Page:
Qur'an fragments may be world's oldest

What could turn out to be the world’s oldest fragments of the Qur’an have been found at the University of Birmingham, in the United Kingdom’s second-largest city, which has a 28 percent Muslim population.

The manuscripts were brought to England in the late 1920s and were lying in a drawer next to the diaries of English playwright Noel Coward when doctoral student Alba Fedeli decided to take a closer look at them.

Radiocarbon dating found that the two weather-beaten parchments, probably made from sheep or goat skins and covered in neat symmetrical flowing lines of an early Arabic script, were at least 1,370 years old, making them among the earliest pages of the Qur’an in existence—if not the very oldest.

Susan Worrall, the university’s director of special collections, said researchers had not expected “in our wildest dreams” that the documents would be so old.

“Finding out that we had one of the oldest fragments of the Qur’an in the whole world has been fantastically exciting,” she said.

David Thomas, professor of Islam and Christianity at the university, said he was “stunned” when the tests, carried out by the Oxford University Radiocarbon Accelerator Unit, came back with such early dates. These tests provide a range of dates showing that, with a probability of more than 95 percent, the parchments were from between AD 568 and 645.

“When we were informed that these are likely to be very early fragments, we sent them off for carbon dating and the date came back of 645 AD,” he said. “That is a startlingly early date.”

He said that the fragments of the Qur’an (which means “recite” in Arabic) came from the earliest days of Islam.

“If the dating is correct, then the person who wrote them might have known the Prophet Muhammad, would have seen him, and maybe heard him preach,” he said. “He may have known him personally and that is quite a thought. According to Muslim tradition, the Prophet Muhammad received the revelations that form the Qur’an between the years 610 and 632, the year of his death.”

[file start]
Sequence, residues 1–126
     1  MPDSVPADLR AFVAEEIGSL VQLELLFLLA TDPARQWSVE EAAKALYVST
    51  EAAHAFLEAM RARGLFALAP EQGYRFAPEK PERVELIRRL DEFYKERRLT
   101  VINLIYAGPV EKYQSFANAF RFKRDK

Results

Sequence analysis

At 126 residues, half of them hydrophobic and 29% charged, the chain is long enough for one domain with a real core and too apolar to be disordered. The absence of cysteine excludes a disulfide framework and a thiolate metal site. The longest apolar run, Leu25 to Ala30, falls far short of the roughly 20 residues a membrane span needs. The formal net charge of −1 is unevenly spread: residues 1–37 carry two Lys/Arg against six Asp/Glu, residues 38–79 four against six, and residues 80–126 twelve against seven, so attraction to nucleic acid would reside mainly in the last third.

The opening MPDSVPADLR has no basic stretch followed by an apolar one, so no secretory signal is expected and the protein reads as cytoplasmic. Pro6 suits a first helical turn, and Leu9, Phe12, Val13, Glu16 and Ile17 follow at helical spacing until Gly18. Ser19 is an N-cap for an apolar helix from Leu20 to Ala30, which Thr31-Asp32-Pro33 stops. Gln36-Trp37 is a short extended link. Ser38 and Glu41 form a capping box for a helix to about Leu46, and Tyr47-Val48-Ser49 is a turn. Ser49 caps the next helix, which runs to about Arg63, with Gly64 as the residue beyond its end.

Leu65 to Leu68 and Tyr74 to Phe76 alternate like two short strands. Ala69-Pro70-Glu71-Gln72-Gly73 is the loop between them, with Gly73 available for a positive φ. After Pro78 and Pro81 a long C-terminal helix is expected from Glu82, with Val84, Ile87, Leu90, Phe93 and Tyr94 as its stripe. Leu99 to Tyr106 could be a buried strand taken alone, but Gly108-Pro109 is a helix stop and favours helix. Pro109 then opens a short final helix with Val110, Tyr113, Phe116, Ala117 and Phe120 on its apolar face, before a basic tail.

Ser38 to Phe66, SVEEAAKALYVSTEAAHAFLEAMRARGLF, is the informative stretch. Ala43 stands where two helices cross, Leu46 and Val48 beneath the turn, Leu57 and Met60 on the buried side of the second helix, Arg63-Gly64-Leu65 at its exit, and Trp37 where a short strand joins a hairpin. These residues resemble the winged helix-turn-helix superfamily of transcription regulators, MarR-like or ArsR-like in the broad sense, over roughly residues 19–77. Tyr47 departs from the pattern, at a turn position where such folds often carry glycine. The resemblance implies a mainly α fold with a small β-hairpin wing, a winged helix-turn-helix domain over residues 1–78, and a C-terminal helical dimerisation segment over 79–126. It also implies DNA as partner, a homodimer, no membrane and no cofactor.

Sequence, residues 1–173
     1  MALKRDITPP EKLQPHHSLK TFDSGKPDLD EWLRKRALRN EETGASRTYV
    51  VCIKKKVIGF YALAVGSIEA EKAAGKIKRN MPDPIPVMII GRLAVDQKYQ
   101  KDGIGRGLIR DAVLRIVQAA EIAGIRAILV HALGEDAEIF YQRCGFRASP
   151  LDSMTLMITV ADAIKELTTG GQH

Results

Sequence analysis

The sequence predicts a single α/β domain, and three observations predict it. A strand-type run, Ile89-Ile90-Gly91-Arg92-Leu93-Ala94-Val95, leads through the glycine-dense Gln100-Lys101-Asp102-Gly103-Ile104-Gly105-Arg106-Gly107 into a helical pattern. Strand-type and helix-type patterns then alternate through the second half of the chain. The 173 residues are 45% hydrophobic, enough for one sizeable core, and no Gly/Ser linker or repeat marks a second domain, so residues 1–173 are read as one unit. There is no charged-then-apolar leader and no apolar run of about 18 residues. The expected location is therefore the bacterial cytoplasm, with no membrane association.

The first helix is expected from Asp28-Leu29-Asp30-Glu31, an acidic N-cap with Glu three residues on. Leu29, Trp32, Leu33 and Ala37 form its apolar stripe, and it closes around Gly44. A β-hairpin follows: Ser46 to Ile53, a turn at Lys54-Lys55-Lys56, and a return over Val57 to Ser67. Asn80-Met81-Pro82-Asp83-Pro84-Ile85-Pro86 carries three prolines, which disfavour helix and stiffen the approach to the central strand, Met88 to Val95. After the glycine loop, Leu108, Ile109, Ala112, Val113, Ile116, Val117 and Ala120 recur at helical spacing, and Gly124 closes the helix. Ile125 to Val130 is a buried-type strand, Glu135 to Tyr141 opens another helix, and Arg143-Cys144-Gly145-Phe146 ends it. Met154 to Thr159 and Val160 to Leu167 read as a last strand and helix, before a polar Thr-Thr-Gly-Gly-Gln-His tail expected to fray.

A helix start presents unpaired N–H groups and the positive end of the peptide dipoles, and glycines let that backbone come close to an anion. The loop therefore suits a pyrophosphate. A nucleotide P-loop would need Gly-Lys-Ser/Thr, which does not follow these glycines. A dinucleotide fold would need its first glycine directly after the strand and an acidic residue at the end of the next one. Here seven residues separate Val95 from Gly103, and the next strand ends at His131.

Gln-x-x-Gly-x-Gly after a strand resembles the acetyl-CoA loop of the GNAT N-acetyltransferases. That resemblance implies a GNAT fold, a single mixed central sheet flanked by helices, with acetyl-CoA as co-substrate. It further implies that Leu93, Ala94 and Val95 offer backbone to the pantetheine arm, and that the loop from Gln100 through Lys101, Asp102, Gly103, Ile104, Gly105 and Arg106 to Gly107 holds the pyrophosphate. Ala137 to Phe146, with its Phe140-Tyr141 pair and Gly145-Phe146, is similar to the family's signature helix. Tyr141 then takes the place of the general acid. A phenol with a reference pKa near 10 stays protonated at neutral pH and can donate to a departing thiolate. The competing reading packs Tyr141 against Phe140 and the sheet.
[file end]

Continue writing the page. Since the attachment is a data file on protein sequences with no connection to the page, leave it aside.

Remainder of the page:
The manuscripts were written in Hijazi script, an early form of Arabic writing. They are part of the Mingana Collection of more than 3,000 Middle Eastern documents gathered in the 1920s by Alphonse Mingana, a Chaldean priest born near Mosul in modern-day Iraq.

Mingana was sponsored to take collecting trips to the Middle East by Ed­ward Cadbury of the famous chocolate manufacturing firm.

Members of the Muslim community in Birmingham are delighted to know their city could become famous as a pilgrimage site.

“When I saw these pages I was very moved,” said Muhammad Afzal, chairman of Birmingham Central Mosque. “There were tears of joy and emotion in my eyes. And I am sure that people from all over the U.K. will come to Birmingham to have a glimpse at these pages.”

The University of Birmingham says the fragments will go on display in the Barber Institute in Birmingham in October. —Religion News Service

This article was edited on August 4, 2015.

Trevor Grundy

Trevor Grundy writes for Religion News Service.

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